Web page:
Why I’m not crazy about John Gomery

It was with quite a bit of fanfare last week that the Quebec Press Council announced that John Gomery would become its new president. Similar to the fanfare that came out when Gomery became the honourary somethingorother for Projet Montréal during the last municipal election campaign.

Like most people whose name isn’t Jean Chrétien, I have a good deal of respect for Gomery. He’s had a long judicial career and has built up a reputation as being a man of ethics (whether or not that reputation is deserved, I don’t know). And I have no doubt that he would bring an important legal perspective to the council, and ensure that decisions are rendered fairly and transparently.

Sure, Gomery also has a reputation for being a bit too friendly with the media, and maybe saying things he shouldn’t. But as someone who does that kind of thing all the time myself, I can hardly fault him for that.

Instead, my problem with Gomery can be summed up in six words:

John Gomery is not a journalist.

Admittedly, I’m only going by his Wikipedia page, but unless there’s something I’ve missed, his last job in anything close to a journalistic capacity was with the McGill Law Journal – half a century ago.

That lack of experience has shown in some of the comments he’s made since he was given this new post. About how he thinks everyone should be paying for news and those who “give away” their news for free are making a mistake. About his apparent dislike for blogs written by “strange people” with no credibility. About how he thinks the best way to get private broadcasters (who left the council, prompting the departure of the previous president) to come back is to act like they’re still members and keep rendering decisions on their behalf. About how he wants to “embarrass” individual journalists for the errors they commit.

While other people, including journalists, share some of these thoughts, to me they sound like the rantings of someone who has no idea how the news industry is changing and just wants kids to get off his lawn.

Perhaps I’m overreacting a bit. He won’t be the only one deciding who’s right and wrong when someone makes a complaint, and having a cool-headed lawyer to balance out the journalists might make sense. Still, I can’t help feeling that Gomery is stepping into an area that sounds familiar to him but really isn’t.

If Gomery is to take this new job seriously, he’s definitely going to have to do a lot of learning about how the news media works, and how they judge themselves.

Until then, I won’t say I hate him, I’ll just say I’m not crazy about his appointment to the council’s presidency.

Certainly not crazy enough to justify the hype.

UPDATE: It’s been pointed out to me that the position of president of the Quebec Press Council is supposed to go to a non-journalist. The point is taken, and I don’t think Gomery is a bad choice for the position. But I still worry about how he thinks he knows a lot more than he really does about the industry.

8 thoughts on “Why I’m not crazy about John Gomery

  1. wkh

    Enlighten us, what does the QPC do, what is its function supposed to be, why is it necessary, blah blah blah. Who is accountable to them? Why? Under what authority/jurisdiction? Is this group even necessary?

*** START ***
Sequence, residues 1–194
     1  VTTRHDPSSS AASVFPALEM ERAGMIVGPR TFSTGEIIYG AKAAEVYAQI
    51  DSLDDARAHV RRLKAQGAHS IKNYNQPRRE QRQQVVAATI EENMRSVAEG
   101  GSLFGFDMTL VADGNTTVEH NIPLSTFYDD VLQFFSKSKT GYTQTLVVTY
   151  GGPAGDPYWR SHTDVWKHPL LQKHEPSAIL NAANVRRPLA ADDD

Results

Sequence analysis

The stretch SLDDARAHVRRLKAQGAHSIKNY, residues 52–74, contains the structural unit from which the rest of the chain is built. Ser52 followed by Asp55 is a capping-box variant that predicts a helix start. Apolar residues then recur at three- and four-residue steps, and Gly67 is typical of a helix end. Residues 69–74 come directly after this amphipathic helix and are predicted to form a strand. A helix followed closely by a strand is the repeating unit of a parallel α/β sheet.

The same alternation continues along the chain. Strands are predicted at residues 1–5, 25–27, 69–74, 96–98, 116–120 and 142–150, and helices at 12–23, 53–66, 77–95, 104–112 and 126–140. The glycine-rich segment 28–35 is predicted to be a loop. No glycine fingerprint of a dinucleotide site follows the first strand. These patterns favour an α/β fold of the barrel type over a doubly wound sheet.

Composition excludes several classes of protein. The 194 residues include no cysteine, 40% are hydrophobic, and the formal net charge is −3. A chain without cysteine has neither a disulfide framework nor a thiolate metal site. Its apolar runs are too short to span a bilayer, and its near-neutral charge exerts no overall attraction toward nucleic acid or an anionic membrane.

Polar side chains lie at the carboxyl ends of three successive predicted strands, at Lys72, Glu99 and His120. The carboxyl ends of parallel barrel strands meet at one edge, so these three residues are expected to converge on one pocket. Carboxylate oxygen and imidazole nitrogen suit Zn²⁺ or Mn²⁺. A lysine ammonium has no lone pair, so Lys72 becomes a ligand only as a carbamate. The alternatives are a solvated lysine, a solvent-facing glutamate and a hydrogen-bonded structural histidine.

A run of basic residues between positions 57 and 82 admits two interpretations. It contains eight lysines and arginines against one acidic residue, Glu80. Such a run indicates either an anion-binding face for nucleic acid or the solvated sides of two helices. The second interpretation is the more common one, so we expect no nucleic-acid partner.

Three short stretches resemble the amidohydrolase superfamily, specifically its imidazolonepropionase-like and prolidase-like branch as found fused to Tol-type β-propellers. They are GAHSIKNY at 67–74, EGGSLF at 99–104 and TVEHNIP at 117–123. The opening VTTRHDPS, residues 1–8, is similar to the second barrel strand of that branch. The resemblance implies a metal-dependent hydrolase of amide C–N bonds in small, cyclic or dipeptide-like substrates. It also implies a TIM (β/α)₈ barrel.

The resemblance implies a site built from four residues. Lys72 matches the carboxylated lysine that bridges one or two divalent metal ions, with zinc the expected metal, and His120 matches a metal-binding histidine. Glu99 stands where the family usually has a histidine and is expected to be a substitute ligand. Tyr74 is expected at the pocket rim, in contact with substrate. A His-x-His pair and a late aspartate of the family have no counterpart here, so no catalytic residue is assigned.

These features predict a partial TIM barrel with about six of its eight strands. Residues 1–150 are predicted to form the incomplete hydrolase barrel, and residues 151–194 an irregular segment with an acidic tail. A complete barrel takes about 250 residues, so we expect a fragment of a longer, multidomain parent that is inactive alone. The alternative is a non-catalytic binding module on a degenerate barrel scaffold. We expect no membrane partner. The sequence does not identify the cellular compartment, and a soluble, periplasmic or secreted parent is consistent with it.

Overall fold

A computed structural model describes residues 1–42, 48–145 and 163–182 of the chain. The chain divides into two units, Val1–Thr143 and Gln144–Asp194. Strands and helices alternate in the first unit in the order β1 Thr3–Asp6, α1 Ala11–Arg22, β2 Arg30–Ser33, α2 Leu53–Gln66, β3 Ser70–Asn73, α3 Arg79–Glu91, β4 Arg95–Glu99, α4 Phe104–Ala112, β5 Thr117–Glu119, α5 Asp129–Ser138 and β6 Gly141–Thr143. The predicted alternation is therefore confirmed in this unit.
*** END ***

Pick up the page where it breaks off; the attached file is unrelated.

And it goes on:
Reply
    1. Fagstein Post author

      The QPC is essentially an ombudsman for its members. When someone thinks that a newspaper or other media outlet did something that violated journalistic ethics, they complain to the council, which holds an investigation. They’ll either uphold or dismiss the complaint, which has no formal weight (no fines or anything) but has a lot of moral significance (the media outlets will usually publish the decision – especially if it’s negative).

      The QPC is funded by its members, and isn’t influenced by the government, nor is membership in any way mandatory.

      Reply
  2. Goaltender Interference

    Just for boring clarification, law journals aren’t in any way journalistic. They don’t have articles by journalists publishing the latest happenings in law; rather, they publish academic research articles. So that 50-year-old experience of his doesn’t count.

    Reply
  3. Bobby

    as a strange blogger, I can’t wait until I am forced to purchase a gov’t-issued license to report on my subject of choice. Can’t happen here? ha!

    Reply
  4. David Leonardo

    I happen to know that John Gomery is a big fan of newspapers so his appointment comes with little surprise for me.

    Reply
  5. Julie

    Brilliant! John Gomery is the ideal person to head the Press Council in the new era of press responsibility and professional standards ushered in by Quan v. Cusson and Grant v. Torstar Corp. Under Gomery, journalists will be forced to take the council more seriously. The Council has, in the past, been ignored or ridiculed by journalists who prefer to judge than be judged. Also, the press council’s credibility among journalists has also suffered from the journalistic connection of many previous bosses – because journalists are naturally suspicious of colleagues who’ve left the trade. Not so Gomery, although he has a lot to lose because the media will not like his approach applied to them. I can’t wait for the first “ruling”.

    Reply

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